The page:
Unless you know what he was fed before, feed hay along with pasture only for the first week as the move is stressful. Gradually introduce the Safe Choice starting with a coffee cup once daily as his gut needs time to adjust. Then every five days increase it. Feed a cup now twice daily. Be sure to have his teeth checked as sharp points can cause weight loss. About every 5 days you can up the Safe Choice. You might find him getting frisky with the good feed. Don't try to rush getting weight on him. You will see a noticeable improvement by 6 weeks. Since he's 11 he'd do well on a senior feed which has extra oils, probiotics, beet pulp for weight gain, etc. and is very safe to feed. I like the bloom it puts on the coat.In the pic he seems quite relaxed. Has anyone checked to see how his teeth line up?
Yes, he just had his teeth floated last year, which was part of the problem with his weight loss. He's 13, I had thought about a senior feed, but I'm so new to this I just wasn't sure. The feed has 14% protein.

What oils would you recommend?
     
    10-02-2012, 02:57 PM
  #6
Trained
I second the life design senior, together with free choice good hay, maybe even a bit alfalfa. All new feeds need to be introduced slowly, over about two weeks.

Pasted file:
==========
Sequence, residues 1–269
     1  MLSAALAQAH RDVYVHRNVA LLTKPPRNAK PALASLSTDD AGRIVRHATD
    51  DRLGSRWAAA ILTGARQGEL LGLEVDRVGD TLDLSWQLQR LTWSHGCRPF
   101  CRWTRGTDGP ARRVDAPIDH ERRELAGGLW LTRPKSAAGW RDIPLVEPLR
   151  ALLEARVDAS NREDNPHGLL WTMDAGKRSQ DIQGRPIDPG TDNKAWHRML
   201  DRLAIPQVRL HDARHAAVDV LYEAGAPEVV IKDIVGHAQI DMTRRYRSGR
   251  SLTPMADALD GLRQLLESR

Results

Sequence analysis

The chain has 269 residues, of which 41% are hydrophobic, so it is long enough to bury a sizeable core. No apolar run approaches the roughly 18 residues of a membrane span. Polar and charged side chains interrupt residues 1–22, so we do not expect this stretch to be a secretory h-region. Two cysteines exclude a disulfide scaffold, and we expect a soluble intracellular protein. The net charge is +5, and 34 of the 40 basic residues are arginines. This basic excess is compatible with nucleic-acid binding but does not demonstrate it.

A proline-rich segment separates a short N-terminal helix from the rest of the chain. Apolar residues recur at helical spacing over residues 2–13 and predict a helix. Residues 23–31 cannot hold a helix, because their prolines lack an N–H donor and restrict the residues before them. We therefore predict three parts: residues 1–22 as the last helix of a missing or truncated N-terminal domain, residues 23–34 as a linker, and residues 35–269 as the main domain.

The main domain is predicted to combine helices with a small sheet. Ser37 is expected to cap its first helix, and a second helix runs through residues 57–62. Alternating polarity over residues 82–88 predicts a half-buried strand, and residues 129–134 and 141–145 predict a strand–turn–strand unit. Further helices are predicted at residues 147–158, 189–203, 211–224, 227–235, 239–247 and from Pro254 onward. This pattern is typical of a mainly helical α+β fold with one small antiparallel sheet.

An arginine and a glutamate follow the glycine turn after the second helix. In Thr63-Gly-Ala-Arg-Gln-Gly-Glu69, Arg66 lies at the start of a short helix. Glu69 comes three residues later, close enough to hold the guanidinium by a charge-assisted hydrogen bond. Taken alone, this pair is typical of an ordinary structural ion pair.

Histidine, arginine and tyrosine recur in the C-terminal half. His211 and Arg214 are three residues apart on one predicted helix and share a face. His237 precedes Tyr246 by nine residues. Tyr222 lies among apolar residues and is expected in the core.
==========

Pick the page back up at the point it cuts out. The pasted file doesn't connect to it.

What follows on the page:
As an example how the above suggestion worked, check out my album "my critters" and see Snipper before and after. One month between the two pics with only 3lbs life design senior daily.
     
    10-09-2012, 10:37 PM
  #7
Trained
Ditto what others have said, tho I don't know much about Safe Choice feeds.

Without knowing what he's been on before, who knows whether he needs different/more. Sudden weightgain isn't great for health. If he was on just hay & pasture & gaining already, he may not need much if any more than that. If he does, I personally wouldn't feed grain if there's a healthier, low starch alternative available, such as beet pulp, rice bran, alfalfa, suy hulls, etc. Balanced nutrition is also important & horses that are deficient or imbalanced in some minerals can be 'hard keepers' despite getting enough calories. Little & often feeding is also important - at least a few small meals daily if you can, rather than only 1-2 larger ones. Especially important with feeds like grain.